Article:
Web archive file exploited by OceanLotus to spread malware

Web Archive File Exploited OceanLotus APT32 Malware MHT MHTML

A state-backed cybercriminal group called OceanLotus, also known as APT32, exploits the web archive file format to avoid detection from security solutions while distributing malware to intrude in target devices.

The recent report of a cybersecurity researcher claims that the state-sponsored hackers are actively utilising the web archive files [.]MHTML, and [.]MHT for its campaign. The threat actors initiate the attack with a RAR compression of a 35-65 MB web archive file attached with a compromised and malicious MS Word document.

To evade getting spotted by the protection of MS Office, the threat actors have organised the ZoneID property located in the file’s metadata to 2, displaying it as if it were downloaded by the target from a legit and reliable store.

Suppose the target opens the web archive containing the malicious MS Word document. The malware will ask the user to ‘Enable Content’ that will eventually access the way to operating the compromised VBA macro code.

When the payload is executed correctly by the unaware target, the macro code will perform several tasks and remove the original MS Word file, resulting in a malicious file that activates a phoney error notification.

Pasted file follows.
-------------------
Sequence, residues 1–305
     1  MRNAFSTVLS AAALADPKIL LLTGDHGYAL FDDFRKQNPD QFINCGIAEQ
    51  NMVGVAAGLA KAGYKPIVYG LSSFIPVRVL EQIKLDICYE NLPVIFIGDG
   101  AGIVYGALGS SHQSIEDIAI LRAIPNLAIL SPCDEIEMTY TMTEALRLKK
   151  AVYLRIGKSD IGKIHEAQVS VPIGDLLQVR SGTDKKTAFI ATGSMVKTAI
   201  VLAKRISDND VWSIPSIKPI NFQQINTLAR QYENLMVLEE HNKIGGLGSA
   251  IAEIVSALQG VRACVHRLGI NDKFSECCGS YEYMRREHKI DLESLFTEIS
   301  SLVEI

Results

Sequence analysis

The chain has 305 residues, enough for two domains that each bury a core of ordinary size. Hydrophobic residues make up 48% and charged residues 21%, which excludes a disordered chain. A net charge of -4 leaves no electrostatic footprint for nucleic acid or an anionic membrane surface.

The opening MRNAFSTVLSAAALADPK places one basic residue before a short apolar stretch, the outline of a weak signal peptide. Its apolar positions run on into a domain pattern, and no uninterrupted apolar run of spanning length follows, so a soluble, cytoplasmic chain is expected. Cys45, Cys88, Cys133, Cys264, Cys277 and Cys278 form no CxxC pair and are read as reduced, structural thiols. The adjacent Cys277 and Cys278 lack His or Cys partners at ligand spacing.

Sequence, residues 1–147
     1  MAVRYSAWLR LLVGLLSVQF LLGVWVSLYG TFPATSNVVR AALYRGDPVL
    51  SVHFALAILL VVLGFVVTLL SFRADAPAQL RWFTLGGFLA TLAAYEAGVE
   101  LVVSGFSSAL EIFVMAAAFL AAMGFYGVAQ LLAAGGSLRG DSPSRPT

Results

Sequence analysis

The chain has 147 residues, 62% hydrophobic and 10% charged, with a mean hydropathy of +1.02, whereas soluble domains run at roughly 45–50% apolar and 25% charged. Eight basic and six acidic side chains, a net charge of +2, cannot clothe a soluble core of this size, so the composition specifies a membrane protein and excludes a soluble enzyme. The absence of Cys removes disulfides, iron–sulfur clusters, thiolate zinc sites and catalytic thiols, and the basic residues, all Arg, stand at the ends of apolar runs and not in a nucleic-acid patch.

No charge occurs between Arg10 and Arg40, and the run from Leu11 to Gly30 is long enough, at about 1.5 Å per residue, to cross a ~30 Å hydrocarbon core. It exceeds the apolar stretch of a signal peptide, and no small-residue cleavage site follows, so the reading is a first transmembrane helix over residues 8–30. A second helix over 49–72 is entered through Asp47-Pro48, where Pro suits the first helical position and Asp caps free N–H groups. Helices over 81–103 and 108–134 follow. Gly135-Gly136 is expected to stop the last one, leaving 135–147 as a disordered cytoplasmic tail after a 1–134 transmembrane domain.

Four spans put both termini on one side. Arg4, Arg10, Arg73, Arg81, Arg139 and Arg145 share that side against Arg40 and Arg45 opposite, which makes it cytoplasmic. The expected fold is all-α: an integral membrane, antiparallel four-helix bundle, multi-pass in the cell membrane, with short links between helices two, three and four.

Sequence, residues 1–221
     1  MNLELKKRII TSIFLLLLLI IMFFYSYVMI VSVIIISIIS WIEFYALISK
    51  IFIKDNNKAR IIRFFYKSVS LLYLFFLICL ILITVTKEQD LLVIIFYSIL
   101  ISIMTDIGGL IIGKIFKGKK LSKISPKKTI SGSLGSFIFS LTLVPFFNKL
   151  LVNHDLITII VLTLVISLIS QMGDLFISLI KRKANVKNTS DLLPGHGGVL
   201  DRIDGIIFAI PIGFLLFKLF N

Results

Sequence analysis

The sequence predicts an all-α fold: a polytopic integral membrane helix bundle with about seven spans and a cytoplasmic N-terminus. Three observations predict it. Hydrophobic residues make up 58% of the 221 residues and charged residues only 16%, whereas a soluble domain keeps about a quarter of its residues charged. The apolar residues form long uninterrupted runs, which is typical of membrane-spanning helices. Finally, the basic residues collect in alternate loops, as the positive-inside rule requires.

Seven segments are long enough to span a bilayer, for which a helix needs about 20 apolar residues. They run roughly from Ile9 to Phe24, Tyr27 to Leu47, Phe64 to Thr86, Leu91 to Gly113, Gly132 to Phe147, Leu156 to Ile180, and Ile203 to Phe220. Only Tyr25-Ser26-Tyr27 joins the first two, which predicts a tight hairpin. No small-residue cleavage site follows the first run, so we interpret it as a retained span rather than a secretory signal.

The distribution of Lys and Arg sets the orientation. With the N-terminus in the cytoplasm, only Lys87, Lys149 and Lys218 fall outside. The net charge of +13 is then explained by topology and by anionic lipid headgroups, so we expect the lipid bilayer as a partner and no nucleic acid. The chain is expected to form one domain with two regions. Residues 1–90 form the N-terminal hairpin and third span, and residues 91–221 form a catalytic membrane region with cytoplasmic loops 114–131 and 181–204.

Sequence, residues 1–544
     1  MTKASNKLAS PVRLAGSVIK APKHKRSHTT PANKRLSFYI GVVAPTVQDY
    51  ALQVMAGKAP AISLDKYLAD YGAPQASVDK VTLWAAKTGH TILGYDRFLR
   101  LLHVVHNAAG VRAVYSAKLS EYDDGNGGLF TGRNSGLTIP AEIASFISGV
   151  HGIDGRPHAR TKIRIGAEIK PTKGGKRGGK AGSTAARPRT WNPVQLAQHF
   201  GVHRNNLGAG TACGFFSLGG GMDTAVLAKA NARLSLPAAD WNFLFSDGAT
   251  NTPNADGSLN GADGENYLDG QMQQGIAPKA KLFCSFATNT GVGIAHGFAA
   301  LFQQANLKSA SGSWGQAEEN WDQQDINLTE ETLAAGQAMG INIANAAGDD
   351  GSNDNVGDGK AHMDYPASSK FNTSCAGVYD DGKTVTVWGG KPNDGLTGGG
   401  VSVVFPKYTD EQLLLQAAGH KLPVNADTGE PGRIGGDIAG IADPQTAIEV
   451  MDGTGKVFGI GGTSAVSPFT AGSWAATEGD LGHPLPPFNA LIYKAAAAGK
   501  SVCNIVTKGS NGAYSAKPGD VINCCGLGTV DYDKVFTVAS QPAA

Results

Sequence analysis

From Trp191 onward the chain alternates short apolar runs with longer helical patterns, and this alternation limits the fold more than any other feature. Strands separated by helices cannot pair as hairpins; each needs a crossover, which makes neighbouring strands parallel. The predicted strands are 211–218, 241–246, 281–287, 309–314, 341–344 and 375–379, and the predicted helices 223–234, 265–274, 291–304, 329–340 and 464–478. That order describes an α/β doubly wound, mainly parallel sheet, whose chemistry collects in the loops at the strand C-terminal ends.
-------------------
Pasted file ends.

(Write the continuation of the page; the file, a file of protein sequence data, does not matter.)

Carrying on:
The OceanLotus can extract numerous credentials if it successfully accesses its target’s system.

 

The OceanLotus’s backdoor with a 64-bit DLL activates with an interval of 10 minutes by utilising a scheduled task impersonating the WinRAR update check. Additionally, the malware is injected into the ‘rundll32[.]exe’ operating indefinitely inside the system memory to evade the detection of any cybersecurity solution.

The malware can collect a lot of information, such as a list of system directories, files, computer names, usernames, and reviews of active processes. Once the malware collects the data, it will attach and encrypt all of it inside a single package before redirecting it back to the hacker’s command-and-control server.

The OceanLotus group reemerges with new weaponry and successfully avoids detection from cybersecurity anti-malware tools. Moreover, the group utilises a legitimate cloud hosting service such as Glitch for communication to keep their presence unknown.

Cybersecurity experts advise organisations to leverage the provided IoCs for detecting and stopping active malicious campaigns.

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